Saturday, March 13, 2010

Who Do You Think You Are? Episode 2 - My Thoughts

Well the second episode of NBC's Who Do You Think You Are? with Emmitt Smith appeared last night and I wanted to put my impressions down in a blog post.  I'm encouraging my other genealogy blogging colleagues to do the same or if you don't have your own blog, add your comments below.
  • PLUS: I loved the fact that the episode focused on Smith's slave ancestors and viewers learned about the difficulties and obstacles that genealogy research represents for African-Americans.
  • MINUS: While Smith did go to the Monroe County courthouse to do some research, the product placement was a bit much (when looking up the 1900 census for the Watson family).  I wished this had been done in a library setting (and many libraries allow free access to the library version of
  • PLUS:  Watching Smith talk to his parents about their own parents and grandparents was great - and it is how most of us started looking at our own ancestry.
  • MINUS:  I wish there were a quick 1-minute wrap up of tips at the end of the episode such as: "First, sit down and talk with relatives to see what they remember about parents and grandparents."
  • PLUS:  Smith was able to find out that his ancestor Mariah Watson was of mixed race and probably had been fathered by her owner.
  • MINUS:  The search seemed to stop with Samuel Puryear, who later gave Mariah to his son.  I know the concept of being descended from a white slave owner must have  been difficult for Smith, but genealogists understand that a search does not end because we find the ancestor's behavior abhorrent.  I think this sends the wrong message to beginners in the family history field.
  • PLUS:  I really appreciated how the producers tied in the horrors of modern-day trafficking of children into Smith's story when he traveled to Benin.
  • MINUS:  Flying Smith's wife to Benin to sit with him on a beach so he could tell his findings was disappointing.  I would much rather have seen him come home to a welcome from his family and then sit down and tell them about his trip and the ancestors and the ancestors' stories.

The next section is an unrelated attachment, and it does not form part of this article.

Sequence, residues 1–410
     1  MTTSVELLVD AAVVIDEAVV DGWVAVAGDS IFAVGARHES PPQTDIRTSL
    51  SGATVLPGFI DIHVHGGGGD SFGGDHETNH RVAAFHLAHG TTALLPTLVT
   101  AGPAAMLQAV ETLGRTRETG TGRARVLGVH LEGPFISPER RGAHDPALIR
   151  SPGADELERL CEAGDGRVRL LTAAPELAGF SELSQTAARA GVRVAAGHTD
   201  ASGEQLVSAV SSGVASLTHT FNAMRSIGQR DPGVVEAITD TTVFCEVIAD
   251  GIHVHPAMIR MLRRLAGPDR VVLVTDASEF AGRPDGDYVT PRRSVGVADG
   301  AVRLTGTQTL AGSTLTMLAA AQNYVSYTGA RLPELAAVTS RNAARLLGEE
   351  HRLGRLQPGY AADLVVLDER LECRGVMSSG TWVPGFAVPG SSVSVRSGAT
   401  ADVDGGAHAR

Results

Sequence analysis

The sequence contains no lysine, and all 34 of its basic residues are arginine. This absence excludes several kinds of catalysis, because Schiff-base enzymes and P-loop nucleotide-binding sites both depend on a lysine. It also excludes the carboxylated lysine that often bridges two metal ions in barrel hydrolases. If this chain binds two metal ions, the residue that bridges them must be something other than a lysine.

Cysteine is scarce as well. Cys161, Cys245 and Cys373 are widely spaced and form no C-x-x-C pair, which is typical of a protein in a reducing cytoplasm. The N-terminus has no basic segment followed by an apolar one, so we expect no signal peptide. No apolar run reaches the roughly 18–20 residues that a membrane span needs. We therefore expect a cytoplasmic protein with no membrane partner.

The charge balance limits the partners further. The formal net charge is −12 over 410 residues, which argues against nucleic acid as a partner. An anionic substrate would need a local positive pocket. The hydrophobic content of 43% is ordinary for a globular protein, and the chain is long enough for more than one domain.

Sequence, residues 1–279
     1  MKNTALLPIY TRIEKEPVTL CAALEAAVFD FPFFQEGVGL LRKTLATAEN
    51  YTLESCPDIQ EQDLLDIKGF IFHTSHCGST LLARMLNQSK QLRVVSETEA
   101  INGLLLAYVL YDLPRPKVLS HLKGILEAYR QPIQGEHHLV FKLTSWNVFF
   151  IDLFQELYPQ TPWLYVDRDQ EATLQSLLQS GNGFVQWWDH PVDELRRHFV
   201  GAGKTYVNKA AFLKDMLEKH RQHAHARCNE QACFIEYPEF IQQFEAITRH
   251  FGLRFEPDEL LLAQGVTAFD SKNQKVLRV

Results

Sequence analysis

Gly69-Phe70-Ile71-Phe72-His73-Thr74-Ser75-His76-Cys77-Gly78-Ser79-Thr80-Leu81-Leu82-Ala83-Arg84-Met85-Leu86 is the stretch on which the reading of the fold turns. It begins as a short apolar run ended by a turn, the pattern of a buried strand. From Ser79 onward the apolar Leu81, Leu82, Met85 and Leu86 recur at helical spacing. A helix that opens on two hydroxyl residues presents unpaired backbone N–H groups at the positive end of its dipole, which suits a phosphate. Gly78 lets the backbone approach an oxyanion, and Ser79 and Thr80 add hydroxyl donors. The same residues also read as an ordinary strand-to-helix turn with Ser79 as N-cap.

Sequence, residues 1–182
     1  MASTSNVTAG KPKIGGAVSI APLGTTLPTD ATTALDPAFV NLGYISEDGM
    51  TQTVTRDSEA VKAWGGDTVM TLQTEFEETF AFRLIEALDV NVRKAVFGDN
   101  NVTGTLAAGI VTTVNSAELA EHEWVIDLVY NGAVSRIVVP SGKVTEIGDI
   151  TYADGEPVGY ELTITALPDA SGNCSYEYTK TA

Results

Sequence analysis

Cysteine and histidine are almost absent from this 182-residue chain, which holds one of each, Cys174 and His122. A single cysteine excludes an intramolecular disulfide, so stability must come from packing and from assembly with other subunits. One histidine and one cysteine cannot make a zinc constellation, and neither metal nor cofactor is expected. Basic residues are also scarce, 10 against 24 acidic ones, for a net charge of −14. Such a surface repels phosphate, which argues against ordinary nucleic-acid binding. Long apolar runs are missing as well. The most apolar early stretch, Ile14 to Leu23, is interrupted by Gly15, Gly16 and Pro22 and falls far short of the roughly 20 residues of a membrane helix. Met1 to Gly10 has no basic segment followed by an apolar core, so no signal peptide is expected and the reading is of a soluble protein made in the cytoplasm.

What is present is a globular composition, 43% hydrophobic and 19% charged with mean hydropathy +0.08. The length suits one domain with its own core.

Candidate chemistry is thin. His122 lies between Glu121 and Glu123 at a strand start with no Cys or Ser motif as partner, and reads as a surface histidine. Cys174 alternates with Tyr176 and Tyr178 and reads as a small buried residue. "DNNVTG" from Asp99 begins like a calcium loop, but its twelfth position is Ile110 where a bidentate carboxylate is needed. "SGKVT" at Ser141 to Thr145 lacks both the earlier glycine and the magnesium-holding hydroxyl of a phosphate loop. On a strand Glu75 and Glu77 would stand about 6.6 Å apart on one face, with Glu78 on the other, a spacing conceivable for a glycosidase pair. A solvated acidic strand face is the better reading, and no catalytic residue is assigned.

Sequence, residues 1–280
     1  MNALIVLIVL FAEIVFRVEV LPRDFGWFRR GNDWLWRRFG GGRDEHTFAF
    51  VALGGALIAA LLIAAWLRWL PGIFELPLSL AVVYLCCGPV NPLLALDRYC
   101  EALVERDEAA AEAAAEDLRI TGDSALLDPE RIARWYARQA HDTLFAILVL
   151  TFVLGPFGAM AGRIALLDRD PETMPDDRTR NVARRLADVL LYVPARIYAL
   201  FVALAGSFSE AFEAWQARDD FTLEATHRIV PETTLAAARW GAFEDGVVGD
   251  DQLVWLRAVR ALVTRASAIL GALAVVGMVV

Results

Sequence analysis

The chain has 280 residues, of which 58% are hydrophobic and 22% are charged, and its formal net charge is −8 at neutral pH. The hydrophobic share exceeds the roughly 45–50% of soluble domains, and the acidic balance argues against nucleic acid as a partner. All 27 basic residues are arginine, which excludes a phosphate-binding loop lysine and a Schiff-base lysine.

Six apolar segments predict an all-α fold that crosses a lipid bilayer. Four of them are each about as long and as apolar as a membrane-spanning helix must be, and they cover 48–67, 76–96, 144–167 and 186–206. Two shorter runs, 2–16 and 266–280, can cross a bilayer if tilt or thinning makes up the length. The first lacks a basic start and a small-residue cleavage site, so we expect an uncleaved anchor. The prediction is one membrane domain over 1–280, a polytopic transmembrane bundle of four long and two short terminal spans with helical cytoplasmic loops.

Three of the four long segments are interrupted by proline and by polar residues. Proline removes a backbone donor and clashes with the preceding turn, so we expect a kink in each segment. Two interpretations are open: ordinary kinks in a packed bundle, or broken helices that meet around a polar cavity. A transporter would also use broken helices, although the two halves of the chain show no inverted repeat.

Overall I felt it was another good episode of WDYTYA - compelling, it had a good story line, it was authentic in terms of the research process, and brought forth the issues and obstacles involving African-American genealogy.

© 2010, copyright Thomas MacEntee


Moonshadow said...

My biggest complaint is something that most beginning genealogist have a tendency to fall into, a kind of tunnel vision. Because this one line was more easily traced all others were forgotten. When he got the DNA results and it was found that he had indication of Native American background, there were three other lines that had not been traced that this could have come from. Also I don't recall them ever speculating as to who fathered Mariah's children. My husband asked me about accessing the information on and I told him he'd have to buy a membership. I think they should have mentioned that if they were going to plug it. Or, as you suggest, they should have gone to the library. I don't have a lot of pleasant things to say about Ancestry. I was a member when they first set up their online website. After having combed through all the info they had and with little more being added and fees going up I dropped my subscription. I hesitated sending them my GEDCOM and was glad I didn't send it when I found I would have to pay to access it and they would get paid by others for my work. Just sayin'...

Russ said...


RE: your second Minus

I agree that it is a minus, but, what we have seen so far, (2 for 2) both SJP and Emmit Smith started at home. Also, Megan's book starts the same way. Start with what you know, start at home.

Perhaps we'll "get it" if we hear it enough.

Very nice review.

Thank you,


Dr. Bill (William L.) Smith said...

Thanks for another good review, Thomas.

Bill ;-)
Author of "13 Ways to Tell Your Ancestor Stories"